LONDON, Jan. 23 (Reuters) – The World Health Organization has called for “immediate and coordinated action” to protect children from contaminated medicines following a spate of child deaths from cough syrups last year.
In 2022, more than 300 children – mainly under the age of 5 – in The Gambia, Indonesia and Uzbekistan died from acute kidney injury, deaths linked to contaminated medicines, the WHO said in a statement Monday.
The medications, over-the-counter cough syrups, contain high levels of diethylene glycol and ethylene glycol.
“These contaminants are toxic chemicals used as industrial solvents and antifreezes that can be fatal even in small amounts and should never be found in medicines,” the WHO said.
As well as the countries mentioned above, the WHO told Reuters on Monday that the Philippines, East Timor, Senegal and Cambodia could potentially be affected as they may have the drugs on sale. It called for action in its 194 member states to prevent more deaths.
“As these are not isolated incidents, WHO is calling on several key stakeholders in the medical supply chain to take immediate and coordinated action,” the WHO said.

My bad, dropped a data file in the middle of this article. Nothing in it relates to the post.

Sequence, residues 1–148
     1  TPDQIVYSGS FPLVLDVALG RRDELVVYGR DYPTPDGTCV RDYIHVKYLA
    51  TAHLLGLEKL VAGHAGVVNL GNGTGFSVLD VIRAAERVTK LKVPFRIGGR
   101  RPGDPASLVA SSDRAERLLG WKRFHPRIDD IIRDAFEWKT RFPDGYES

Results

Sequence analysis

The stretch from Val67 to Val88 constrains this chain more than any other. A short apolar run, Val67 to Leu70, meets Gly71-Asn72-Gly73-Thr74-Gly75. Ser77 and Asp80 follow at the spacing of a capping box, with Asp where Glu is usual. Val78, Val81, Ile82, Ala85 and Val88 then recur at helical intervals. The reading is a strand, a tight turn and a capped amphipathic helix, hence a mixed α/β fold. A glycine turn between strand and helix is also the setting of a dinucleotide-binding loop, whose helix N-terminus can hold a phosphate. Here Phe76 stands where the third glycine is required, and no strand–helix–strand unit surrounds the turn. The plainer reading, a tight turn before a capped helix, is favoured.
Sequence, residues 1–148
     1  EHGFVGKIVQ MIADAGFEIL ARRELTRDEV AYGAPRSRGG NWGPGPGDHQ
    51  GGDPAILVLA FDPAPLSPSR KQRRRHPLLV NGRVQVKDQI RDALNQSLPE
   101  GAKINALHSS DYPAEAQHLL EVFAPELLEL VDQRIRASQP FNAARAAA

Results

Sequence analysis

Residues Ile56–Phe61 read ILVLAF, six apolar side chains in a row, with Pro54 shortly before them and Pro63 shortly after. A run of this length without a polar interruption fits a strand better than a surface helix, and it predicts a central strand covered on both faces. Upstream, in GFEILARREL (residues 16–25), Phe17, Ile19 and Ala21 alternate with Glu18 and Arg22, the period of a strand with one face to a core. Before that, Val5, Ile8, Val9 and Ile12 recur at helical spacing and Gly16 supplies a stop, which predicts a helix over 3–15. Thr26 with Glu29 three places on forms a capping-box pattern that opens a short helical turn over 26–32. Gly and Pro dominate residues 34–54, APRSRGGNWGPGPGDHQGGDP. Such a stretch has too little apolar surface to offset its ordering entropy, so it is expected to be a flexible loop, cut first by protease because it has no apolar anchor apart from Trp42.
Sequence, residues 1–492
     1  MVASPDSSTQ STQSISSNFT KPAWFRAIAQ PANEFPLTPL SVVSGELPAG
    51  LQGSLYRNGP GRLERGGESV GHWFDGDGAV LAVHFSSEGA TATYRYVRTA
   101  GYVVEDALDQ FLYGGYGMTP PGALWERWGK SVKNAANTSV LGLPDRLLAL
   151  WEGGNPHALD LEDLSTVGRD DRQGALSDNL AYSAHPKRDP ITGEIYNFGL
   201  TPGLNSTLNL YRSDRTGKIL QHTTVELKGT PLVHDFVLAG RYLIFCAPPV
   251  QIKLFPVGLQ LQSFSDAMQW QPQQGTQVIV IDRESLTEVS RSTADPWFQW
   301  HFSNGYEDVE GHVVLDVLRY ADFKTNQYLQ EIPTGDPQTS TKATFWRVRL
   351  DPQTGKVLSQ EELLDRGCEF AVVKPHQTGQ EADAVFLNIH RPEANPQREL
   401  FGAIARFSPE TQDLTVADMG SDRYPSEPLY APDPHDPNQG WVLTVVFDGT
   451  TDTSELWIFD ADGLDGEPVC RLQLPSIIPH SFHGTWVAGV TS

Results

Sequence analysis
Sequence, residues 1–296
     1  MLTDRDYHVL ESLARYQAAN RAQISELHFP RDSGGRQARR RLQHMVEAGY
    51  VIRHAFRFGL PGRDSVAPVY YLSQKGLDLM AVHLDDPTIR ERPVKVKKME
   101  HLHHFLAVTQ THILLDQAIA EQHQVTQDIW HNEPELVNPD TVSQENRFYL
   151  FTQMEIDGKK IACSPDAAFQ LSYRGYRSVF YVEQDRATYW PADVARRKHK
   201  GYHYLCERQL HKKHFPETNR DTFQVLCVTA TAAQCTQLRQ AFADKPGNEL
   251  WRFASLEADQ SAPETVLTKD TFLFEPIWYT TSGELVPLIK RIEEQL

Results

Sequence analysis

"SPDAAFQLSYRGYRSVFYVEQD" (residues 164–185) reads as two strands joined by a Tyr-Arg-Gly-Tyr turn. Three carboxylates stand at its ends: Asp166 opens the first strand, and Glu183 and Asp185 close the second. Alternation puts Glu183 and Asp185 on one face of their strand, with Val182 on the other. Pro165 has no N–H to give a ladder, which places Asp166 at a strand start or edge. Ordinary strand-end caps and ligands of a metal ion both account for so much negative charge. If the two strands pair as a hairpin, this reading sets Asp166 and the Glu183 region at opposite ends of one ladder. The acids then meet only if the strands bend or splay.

The WHO already issued specific product alerts in October and earlier this month, asking for the drugs to be withdrawn from shelves, for cough syrups made by India’s Maiden Pharmaceuticals and Marion Biotech, which have been linked to deaths in The Gambia and Uzbekistan, respectively.
It also issued a warning last year for cough syrups made by four Indonesian manufacturers, PT Yarindo Farmatama, PT Universal Pharmaceutical, PT Konimex and PT AFI Pharma, sold domestically.
The companies involved have either denied that their products are contaminated or declined to comment while the investigation is ongoing.
The WHO reiterated its call for the products marked above to be withdrawn from circulation, calling on countries to ensure that all medicines for sale are approved by the appropriate authorities. It also asked governments and regulators to allocate resources to inspect manufacturers, strengthen market surveillance and take action where necessary.
It called on manufacturers to only buy raw ingredients from qualified suppliers, test their products more thoroughly and keep track of the process. Suppliers and distributors must check for signs of counterfeiting and only distribute or sell medicines that have been approved for use, the WHO added.
Reporting by Jennifer Rigby; Edited by Mark Heinrich and Christina Fincher
Our Standards: The Thomson Reuters Principles of Trust.